Honors Program

           The departmental honors program is open to qualified students who wish to pursue advanced independent research in psychology. Students interested in going to graduate school in psychology are particularly encouraged to become honors candidates because research experience is given considerable weight by admissions committees. Students who complete the honors sequence of courses (PSYC 498 and PSYC 499) and have a GPA in psychology of 3.5 or above are eligible to receive the B.A. or B.S. degree with departmental honors.

Program Description:
           Honors students design, conduct, analyze and report original research via completion of the two-semester sequence of PSYC 498 and PSYC 499 ( 4 credits each), in addition to successful completion of all the requirements for the B.S or  B.A. degree.
           Faculty in the Psychology Department are engaged in research on a wide variety of research projects, including addictive behaviors: child and family adjustments to chronic illness: development of aggression and peer rejection in childhood;  and physical and emotional abuse in intimate adult relationships (see bulletin board opposite Math-Psych Room 321 for a complete listing).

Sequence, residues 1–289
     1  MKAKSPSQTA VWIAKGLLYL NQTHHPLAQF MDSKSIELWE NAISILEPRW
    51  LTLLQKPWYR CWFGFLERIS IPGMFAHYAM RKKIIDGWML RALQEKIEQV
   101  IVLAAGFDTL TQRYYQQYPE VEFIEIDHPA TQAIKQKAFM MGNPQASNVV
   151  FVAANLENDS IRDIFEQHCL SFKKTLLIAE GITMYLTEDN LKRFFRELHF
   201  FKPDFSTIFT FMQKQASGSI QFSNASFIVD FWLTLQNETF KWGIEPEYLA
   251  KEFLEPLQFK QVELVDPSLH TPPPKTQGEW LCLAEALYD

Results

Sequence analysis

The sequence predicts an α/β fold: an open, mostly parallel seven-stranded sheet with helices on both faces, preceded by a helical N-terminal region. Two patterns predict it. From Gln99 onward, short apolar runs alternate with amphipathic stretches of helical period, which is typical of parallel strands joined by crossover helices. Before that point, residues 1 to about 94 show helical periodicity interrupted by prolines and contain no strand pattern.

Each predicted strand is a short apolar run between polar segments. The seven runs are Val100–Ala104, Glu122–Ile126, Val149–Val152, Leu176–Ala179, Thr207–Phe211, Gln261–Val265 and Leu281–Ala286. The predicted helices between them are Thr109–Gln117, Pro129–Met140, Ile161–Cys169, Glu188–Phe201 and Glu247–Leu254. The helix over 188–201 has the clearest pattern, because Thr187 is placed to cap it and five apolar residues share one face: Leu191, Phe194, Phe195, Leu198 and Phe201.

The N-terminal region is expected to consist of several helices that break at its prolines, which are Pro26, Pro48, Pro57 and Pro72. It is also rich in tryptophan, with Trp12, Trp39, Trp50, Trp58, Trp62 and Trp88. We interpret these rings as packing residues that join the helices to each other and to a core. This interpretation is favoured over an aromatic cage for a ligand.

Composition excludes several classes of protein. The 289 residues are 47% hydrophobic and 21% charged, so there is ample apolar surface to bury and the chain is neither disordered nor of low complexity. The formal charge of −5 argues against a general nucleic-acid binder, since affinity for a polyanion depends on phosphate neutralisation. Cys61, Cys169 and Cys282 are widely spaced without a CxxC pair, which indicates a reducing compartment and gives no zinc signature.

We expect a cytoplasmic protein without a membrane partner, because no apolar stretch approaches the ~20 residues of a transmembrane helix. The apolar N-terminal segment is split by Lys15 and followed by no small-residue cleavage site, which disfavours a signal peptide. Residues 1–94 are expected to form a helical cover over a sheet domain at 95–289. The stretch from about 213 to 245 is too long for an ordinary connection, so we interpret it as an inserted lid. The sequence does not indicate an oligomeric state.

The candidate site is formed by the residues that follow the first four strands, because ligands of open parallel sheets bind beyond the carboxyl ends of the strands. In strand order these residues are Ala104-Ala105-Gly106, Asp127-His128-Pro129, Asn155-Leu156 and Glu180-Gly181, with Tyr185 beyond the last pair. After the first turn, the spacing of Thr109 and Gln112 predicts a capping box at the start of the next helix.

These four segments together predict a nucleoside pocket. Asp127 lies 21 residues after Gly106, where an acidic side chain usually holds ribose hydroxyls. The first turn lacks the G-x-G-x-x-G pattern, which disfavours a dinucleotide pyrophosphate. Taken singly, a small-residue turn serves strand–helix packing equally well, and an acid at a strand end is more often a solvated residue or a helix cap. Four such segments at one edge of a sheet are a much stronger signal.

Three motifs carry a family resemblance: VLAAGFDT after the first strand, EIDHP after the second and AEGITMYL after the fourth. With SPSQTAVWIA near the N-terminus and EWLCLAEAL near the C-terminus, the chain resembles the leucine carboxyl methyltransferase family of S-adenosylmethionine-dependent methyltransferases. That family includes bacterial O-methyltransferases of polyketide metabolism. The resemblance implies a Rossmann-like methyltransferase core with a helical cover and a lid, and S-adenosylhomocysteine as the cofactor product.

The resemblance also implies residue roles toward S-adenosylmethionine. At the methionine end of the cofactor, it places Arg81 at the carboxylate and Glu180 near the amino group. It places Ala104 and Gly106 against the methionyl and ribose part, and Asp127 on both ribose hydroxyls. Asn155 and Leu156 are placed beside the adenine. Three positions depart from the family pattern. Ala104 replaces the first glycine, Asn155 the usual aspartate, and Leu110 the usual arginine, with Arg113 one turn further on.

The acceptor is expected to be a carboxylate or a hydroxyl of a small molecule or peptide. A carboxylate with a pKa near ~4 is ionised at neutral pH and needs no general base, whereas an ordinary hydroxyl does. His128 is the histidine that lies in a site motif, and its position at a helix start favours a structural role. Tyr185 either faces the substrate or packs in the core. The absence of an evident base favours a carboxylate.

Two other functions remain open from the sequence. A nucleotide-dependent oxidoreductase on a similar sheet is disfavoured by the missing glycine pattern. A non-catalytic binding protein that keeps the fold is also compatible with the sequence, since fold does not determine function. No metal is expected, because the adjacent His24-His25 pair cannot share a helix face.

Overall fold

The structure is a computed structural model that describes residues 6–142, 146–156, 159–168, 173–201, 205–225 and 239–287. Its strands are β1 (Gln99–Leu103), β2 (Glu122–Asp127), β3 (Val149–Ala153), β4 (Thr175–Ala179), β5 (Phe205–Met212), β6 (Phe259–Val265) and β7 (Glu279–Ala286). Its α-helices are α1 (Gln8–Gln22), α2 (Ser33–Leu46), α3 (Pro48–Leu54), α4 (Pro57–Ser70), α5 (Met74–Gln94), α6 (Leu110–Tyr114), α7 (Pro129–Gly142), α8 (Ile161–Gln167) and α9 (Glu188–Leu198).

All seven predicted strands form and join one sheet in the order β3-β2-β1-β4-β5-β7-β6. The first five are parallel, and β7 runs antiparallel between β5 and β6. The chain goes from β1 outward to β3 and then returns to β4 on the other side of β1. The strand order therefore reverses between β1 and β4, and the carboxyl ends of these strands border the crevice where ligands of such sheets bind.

Students interested in the Honors program should first gain experience in research by enrolling in PSYC 397 (Research Experience in Psychology). This course provides hands-on experience with the process of research in Psychology, under the supervision of a faculty member and his/her lab team. To enroll in PSYC 397, a student should contact a faculty member whose research interests them and ask how they can become involved.
           Following successful completion of PSYC 397, interested students can then consult with the faculty member about sponsoring Honors research via registration in PSYC 498/499. Under exceptional circumstances, the required enrollment in PSYC 397 may be waived(e.g. for students who have developed a research project in another course).
Interested in learning more about the Honors program? See your advisor, or Dr. Laura Rose, Undergraduate Program Director (MP 320; laurose1@umbc.edu)